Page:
- Raft-slabs fall under the general category of frost-protected shallow foundations, but raft-slab foundations have a uniform thickness over the entire surface rather than a thickened edge or footing.
- With a standard frost-protected shallow foundation the load of exterior walls is carried by the footing alone, with a raft-slab the weight is distributed evenly over the entire surface of the floor.
- Raft-slabs have a more robust reinforcement mesh and a thicker layer of concrete, typically between 5 and 8 inches for residential projects compared to the standard 3.5 - 4 inches with other slabs where the load is not spread across the entire surface. With more concrete comes more thermal mass for retaining heat and balancing temperatures, though the value of thermal mass much beyond 4 inches starts to fall off due to the limits of heat dephasing on a 24-hour cycle. The extra concrete also results in more embodied carbon due the greehouse gas emissions from cement plants.
Either design should come out cheaper than a traditional slab-on-grade made with hand-built forms, though in some circumstances with poor soil conditions the raft-slab is likely the more financially viable option due to the uniform distribution of weight.
Building sites with poor soil conditions (disturbed soil, poor bearing capacity, high water tables, etc.) may incur significant additional costs in drainage, soil replacement and compaction before an engineer will approve a project. Even with a modest-sized house, those costs can easily climb into the 10s of thousands and stop a building project in its tracks. By distributing the weight evenly, a raft-slab acts a bit like a snow shoe and can effectively 'float' on terrain that would otherwise be unsuitable for building.
Note: As specified in the National Building Code, the minimum bearing capacity of soil (also called soil loading) is 1500lbs per sq. ft. for traditional footings, though foundations designed by an engineer can be used with much lower bearing pressures, such as with raft slabs.
Finding slab-on-grade form kit suppliers:
There are a few more suppliers in the US, but in Canada we came up with two relevant manufacturers.
Top layer of foam designed for hydronic tube installation © Iso-slab
ISO-SLAB is a Quebec-based company that distributes prefab slab kits across Canada. They provide EPS insulation forms, metal locking rail fasteners for the exterior edge, EPS board insulation for under the slab and exterior skirt insulation, all customized to each building design.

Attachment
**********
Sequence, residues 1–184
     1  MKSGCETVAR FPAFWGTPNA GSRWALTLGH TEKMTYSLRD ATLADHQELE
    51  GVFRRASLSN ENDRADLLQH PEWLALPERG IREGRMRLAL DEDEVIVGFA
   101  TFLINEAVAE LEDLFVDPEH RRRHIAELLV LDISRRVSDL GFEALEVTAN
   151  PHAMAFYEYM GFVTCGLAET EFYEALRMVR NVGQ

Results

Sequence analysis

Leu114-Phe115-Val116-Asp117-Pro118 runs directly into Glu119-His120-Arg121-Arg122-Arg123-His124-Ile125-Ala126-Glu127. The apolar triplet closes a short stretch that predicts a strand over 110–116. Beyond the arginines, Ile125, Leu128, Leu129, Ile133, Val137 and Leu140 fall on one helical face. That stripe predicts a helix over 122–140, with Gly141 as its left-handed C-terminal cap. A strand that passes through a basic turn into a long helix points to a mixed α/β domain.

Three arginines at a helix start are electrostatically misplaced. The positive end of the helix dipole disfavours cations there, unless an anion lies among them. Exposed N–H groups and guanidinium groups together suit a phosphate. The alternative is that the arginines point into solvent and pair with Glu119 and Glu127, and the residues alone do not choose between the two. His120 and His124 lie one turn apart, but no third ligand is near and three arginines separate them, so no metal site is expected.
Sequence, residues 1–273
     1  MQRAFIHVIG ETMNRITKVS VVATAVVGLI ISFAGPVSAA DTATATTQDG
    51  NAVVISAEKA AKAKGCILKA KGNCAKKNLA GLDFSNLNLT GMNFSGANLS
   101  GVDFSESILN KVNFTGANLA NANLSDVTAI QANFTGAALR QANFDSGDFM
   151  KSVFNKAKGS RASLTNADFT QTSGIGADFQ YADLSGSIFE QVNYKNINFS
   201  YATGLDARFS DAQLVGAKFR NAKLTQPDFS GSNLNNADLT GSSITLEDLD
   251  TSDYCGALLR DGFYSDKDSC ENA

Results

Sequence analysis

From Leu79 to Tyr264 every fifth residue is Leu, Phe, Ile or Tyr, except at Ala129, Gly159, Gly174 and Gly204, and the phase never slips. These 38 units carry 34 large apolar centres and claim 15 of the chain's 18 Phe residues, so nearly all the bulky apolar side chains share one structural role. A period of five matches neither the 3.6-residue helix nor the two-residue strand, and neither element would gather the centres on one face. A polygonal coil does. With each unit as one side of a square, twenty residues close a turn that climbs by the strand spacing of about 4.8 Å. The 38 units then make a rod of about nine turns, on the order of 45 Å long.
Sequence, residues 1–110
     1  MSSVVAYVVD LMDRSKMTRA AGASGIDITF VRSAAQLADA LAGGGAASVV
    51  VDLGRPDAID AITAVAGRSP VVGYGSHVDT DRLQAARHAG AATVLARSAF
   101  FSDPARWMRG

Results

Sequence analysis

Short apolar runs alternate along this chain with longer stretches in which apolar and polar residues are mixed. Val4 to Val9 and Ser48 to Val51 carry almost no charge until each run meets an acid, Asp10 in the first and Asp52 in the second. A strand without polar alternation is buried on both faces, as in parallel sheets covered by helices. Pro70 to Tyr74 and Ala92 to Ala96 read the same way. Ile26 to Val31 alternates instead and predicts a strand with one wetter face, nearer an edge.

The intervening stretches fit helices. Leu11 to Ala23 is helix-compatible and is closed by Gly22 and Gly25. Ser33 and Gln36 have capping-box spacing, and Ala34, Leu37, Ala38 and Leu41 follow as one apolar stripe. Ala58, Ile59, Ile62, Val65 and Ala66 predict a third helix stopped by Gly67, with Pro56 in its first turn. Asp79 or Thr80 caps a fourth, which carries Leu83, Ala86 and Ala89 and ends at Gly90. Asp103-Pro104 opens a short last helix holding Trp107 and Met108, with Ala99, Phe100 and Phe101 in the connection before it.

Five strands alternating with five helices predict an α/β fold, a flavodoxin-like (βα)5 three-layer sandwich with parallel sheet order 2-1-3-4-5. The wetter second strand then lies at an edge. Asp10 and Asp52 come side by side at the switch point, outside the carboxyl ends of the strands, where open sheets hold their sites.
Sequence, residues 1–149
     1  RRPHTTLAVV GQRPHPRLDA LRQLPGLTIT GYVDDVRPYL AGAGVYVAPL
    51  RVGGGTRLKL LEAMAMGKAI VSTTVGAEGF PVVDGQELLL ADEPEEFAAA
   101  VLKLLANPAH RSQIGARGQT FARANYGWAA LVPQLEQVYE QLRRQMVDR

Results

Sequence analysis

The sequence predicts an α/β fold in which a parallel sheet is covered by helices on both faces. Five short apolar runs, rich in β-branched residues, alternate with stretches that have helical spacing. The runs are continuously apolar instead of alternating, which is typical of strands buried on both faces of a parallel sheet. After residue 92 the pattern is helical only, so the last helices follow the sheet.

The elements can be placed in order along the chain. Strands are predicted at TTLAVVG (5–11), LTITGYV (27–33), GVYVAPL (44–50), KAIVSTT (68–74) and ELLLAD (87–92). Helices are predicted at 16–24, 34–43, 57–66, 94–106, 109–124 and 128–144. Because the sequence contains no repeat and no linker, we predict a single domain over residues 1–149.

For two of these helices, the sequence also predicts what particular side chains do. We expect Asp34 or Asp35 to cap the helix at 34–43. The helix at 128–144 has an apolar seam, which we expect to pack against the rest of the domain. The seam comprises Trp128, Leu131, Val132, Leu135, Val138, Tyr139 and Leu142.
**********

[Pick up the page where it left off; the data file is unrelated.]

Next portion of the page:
Clients need to provide a soil sample and the company can provide stamped engineering documents if required. They have a PDF installation guide as well as an installation video. For clients who wish to include radiant floor heating, ISO-SLAB includes an optional top layer of EPS that is designed for a quick install of hydronic tubing.
© Ken Williams
Legalett is a company based in Cornwall, Ontario, and distributes EPS raft-slab kits across Canada and the U.S. Stamped engineering documents and detailed construction and shop drawings are provided. Due to the even distribution of weight and the ability to be built on much softer ground, soil samples are not generally required except in extreme cases.
Legalett slabs can be left unheated, but the company offers an optional air-heating system and their kits are perfectly suitable for hydronic or electric-wire heating systems.
EPS foam footing forms © Isomax / Polyform
Polyform is another Quebec manufacturer with a product called Isomax, an EPS footing form only. Isomax is a 4” thick moulded form with grooves for the inclusion of skirt insulation.
Soil samples and engineering documents must be provided by clients, as well as all additional materials for the interior of the slab.
While Polyform is not offering a complete slab-on-grade package, we thought we would include it as it is something of a hybrid between a full kit and a traditionally built slab.
Watch for more players getting into the game in the future as this type of construction gains in popularity, but be careful of going with knock-offs. There have been cases of builders trying to go it alone on this and coming up with poorly-engineered designs or the wrong density of foam that have led to building failures. Ask about warranties before signing any contracts.